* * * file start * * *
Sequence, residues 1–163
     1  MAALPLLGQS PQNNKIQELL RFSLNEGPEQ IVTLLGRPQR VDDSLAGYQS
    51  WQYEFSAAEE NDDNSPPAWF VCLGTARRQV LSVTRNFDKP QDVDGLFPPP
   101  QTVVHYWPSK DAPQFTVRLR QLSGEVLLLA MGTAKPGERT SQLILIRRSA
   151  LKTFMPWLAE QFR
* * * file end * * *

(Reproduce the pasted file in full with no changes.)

Sequence, residues 1–163
     1  MAALPLLGQS PQNNKIQELL RFSLNEGPEQ IVTLLGRPQR VDDSLAGYQS
    51  WQYEFSAAEE NDDNSPPAWF VCLGTARRQV LSVTRNFDKP QDVDGLFPPP
   101  QTVVHYWPSK DAPQFTVRLR QLSGEVLLLA MGTAKPGERT SQLILIRRSA
   151  LKTFMPWLAE QFR